Meet the Rogue

Live theater. Unsolicited commentary.
From Detroit to Lansing.

Carolyn Hayes is the Rogue Critic, est. late 2009.

In 2011, the Rogue attended 155 plays, readings, and festivals (about 3 per week) and penned 115 reviews (about 2.2 per week).

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Theaters and Companies

The Abreact (Detroit)
website | reviews | 2011 SIR

The AKT Theatre Project (Wyandotte)
website | reviews

Blackbird Theatre (Ann Arbor)
website | reviews | 2010 SIR

Detroit Repertory Theatre (Detroit)
website | reviews

The Encore Musical Theatre Co. (Dexter)
website | reviews

Go Comedy! (Ferndale)
website | reviews

Hilberry Theatre (Detroit)
website | reviews | 2010 SIR

Jewish Ensemble Theatre (West Bloomfield)
website | reviews

Magenta Giraffe Theatre Co. (Detroit)
website | reviews | 2010 SIR

Matrix Theatre (Detroit)
website | reviews | 2010 SIR

Meadow Brook Theatre (Rochester)
website | reviews

Performance Network Theatre (Ann Arbor)
website | reviews

Planet Ant Theatre (Hamtramck)
website | reviews

Plowshares Theatre (Detroit)
website | reviews

Purple Rose Theatre Co. (Chelsea)
website | reviews

The Ringwald Theatre (Ferndale)
website | reviews

Tipping Point Theatre (Northville)
website | reviews | 2010 SIR

Threefold Productions (Ypsilanti)
website | reviews

Two Muses Theatre (West Bloomfield Township)
website | reviews

Williamston Theatre (Williamston)
website | reviews







« Ruined | Main | If You Start a Fire [Be Prepared to Burn] »


After a well-received run in 2010, playwright Margaret Edwartowski returns Snowbound to the Planet Ant stage, now expanded to span two full acts. A story of plight, persistence, and regret buried in an unforgiving Colorado winter, the latest version retains all the sting of its snappy viciousness while tacking on intrigue and dimension of changing characters in changing circumstances. Director Kate Peckham takes the action to the brink, brutalizing protagonists and audience alike with sky-high stakes and unrelenting outcomes.

What little remains of the Adler family fits into a meager mountain cabin, situated a treacherous crossing away from the paltry descriptor “remote.” Of the four survivors, siblings John (Stephen Blackwell) and Sara (Jaclyn Strez) are the only two capable of toil, forced to provide enough for themselves as well as their mentally and physically debilitated grandmother, Evaline (Nancy Arnfield), and the infant whose arrival rendered John a widower. With a dearth of able bodies and fewer provisions than ever, the impending winter of 1873 promises to be the end of them. Yet muleheaded John is icy with grief and grim determination; Blackwell’s gruffly inscrutable character suggests that he either doesn’t believe the so-called Adler curse (the death and disaster that has followed Evaline since she left her refined Boston family to marry a common pioneer), or he’s hell-bent on seeing it through — possibly both. One last appeal to reason comes in the form of family friend Wil (Jon Ager), a gentle and unassuming farmer who has a personal stake in their survival. Sara and Wil secretly agree that they must leave the cabin in order to escape certain death; it’s not all they agree on, as their fondest hopes intersect in a perfectly enchanting stolen scene. Arnfield’s endlessly rambling, sometimes ranting Evaline provides comic decompression, but also drives a critical wedge between the escapist needs of a hopelessly isolated seventeen-year-old woman and the crippling accountability weighing down a man who feels he’s already lost everything.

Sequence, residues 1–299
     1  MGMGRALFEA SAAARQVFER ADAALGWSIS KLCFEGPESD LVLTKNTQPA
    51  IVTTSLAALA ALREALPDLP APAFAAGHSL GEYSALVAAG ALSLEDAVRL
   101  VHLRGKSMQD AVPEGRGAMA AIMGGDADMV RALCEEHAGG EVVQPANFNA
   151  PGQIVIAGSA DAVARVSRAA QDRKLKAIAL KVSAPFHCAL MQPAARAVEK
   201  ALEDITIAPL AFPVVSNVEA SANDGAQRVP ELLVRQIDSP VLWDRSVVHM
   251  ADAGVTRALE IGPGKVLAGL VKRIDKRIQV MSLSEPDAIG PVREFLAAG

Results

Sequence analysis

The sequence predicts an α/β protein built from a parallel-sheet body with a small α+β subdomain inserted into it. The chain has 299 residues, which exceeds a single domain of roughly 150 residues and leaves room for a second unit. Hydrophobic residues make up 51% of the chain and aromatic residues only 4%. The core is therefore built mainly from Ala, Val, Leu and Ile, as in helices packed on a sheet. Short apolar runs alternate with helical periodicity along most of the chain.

Without giving too much away, it’s safe to say the first act concerns the decision to leave the Adler claim, and the circumstances of the escape. The second moves to another locale, this one safer and more civilized, but the wretched costs of salvation are always teeming. Resigned to a life she wanted, inconsolable Sara looks to her lineage for comfort, ignoring mounting pressures in favor of sending unrequited communiqués to distant relations she knows only from stories. Even as the plot pushes forward in unprecedented measures, the action continually circles around what happened in the cabin, always in fear of the avenging knock at the door. Here, Ager does fine work changing Wil in accordance with his partner’s altered perception of him, keeping consistent motivations even as his tactics grow ugly.

Solitude and subsistence flow through the atmosphere, exemplified by sound designer Christie Nichole’s lonely, tuneful solo voices and single guitars. Tommy LeRoy again proves himself the go-to designer for resourceful conversion of a space, in a bare-bones setting made over by secret reveals and strategic deployment of Sara Lucas’s efficient properties. The makeover looks equally good under Kevin Barron’s alternately feeble and comfortable lighting effects. Suggestions of times past and the hardships therein are effectually driven home by costume designer Cal Schwartz’s shabby layers, offset by some opulent indulgences. That lives are at stake is prompted by the pounding insistence of Peckham’s direction, whose shrill intensity pays dividends, but at a substantial emotional toll.

The original Snowbound was amazing in the density and swiftness of its compact storytelling; the new production broadens and advances this world with perspective that seasons the pat fable still well preserved within the larger entity. Above all, the added material cements this as Sara’s story: a product of her patriarchal times, in which no opportunity is presented without a man attached, Strez rises to the challenge with a radiantly tragic turn, presenting a lamentable woman for whom life represents an endless string of consequences. Viewers ready to be swept up in a tale of fortitude and devastation will be rewarded with the discovery that here, survival is a punishment all its own.

Snowbound is no longer playing.
For the latest from Planet Ant Theatre, click here.